Experimental and Applied Acarology

, Volume 57, Issue 3–4, pp 291–308 | Cite as

Spatial distributions of the red palm mite, Raoiella indica (Acari: Tenuipalpidae) on coconut and their implications for development of efficient sampling plans

  • A. RodaEmail author
  • G. Nachman
  • F. Hosein
  • J. C. V. Rodrigues
  • J. E. Peña


The red palm mite (Raoiella indica), an invasive pest of coconut, entered the Western hemisphere in 2004, then rapidly spread through the Caribbean and into Florida, USA. Developing effective sampling methods may aid in the timely detection of the pest in a new area. Studies were conducted to provide and compare intra tree spatial distribution of red palm mite populations on coconut in two different geographical areas, Trinidad and Puerto Rico, recently invaded by the mite. The middle stratum of a palm hosted significantly more mites than fronds from the upper or lower canopy and fronds from the lower stratum, on average, had significantly fewer mites than the two other strata. The mite populations did not vary within a frond. Mite densities on the top section of the pinna had significantly lower mite densities than the two other sections, which were not significantly different from each other. In order to improve future sampling plans for the red palm mite, the data was used to estimate the variance components associated with the various levels of the hierarchical sampling design. Additionally, presence-absence data were used to investigate the probability of no mites being present in a pinna section randomly chosen from a frond inhabited by mites at a certain density. Our results show that the most precise density estimate at the plantation level is to sample one pinna section per tree from as many trees as possible.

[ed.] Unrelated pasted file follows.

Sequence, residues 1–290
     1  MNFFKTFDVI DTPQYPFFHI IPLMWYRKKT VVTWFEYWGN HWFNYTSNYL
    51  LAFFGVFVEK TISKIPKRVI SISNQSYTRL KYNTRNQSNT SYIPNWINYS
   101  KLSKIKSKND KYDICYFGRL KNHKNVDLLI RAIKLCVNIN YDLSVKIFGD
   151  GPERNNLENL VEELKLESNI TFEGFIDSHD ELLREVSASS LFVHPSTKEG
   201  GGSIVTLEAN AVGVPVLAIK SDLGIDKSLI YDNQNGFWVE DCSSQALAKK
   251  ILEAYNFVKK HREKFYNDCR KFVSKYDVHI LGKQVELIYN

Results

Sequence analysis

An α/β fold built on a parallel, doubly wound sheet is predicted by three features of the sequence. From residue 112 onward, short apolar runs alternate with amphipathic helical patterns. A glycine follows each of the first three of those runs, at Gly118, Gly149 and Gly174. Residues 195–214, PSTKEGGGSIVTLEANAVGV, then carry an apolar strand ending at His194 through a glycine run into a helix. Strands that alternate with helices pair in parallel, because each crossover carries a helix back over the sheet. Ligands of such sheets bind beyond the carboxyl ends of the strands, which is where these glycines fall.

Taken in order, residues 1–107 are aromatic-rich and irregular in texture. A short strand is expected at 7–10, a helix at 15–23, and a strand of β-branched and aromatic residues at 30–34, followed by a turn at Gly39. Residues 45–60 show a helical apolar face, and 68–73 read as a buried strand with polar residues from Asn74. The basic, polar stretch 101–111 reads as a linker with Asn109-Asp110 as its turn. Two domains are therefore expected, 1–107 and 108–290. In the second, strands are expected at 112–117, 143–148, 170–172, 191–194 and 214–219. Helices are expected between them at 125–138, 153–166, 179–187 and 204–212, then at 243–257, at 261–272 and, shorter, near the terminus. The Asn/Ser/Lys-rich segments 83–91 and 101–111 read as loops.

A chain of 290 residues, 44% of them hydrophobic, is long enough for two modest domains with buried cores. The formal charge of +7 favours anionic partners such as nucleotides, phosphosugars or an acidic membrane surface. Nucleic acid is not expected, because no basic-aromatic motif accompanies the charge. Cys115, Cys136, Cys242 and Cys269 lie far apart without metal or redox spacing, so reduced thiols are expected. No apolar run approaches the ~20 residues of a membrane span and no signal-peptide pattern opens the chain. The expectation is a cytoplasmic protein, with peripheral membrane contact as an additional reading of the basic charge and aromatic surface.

Raoiella Red palm mite Tenuipalpidae Invasive mite Spatial distribution Dispersion Taylor’s power law 



We are grateful to Philippe Agostini and the ARS Subtropical Horticulture Research Station for providing access to their coconut palms and Puerto Rico USDA APHIS PPQ and PRDA for assistance with field work and access to laboratory facilities. We thank Y. Ali, B. Baalam, D. Long, W. DeChi, R. Duncan, A. Francis, N. Gabriel, R. Gonzales, K. Harradan, S. Maraj, C. Mannion, R. Ochoa, P. Perez, N. Raj P. Siew, and S. Weihman for their help.


  1. Cochran WG (1977) Sampling techniques, 3rd edn. Wiley, New York, NY, USAGoogle Scholar
  2. Etienne J, Fletchmann CHW (2006) First record of Raoiella indica (Hirst, 1924) (Acari:Tenuipalpidae) in Guadeloupe and Saint Martin, West Indies. Int J Acarol 32:331–332Google Scholar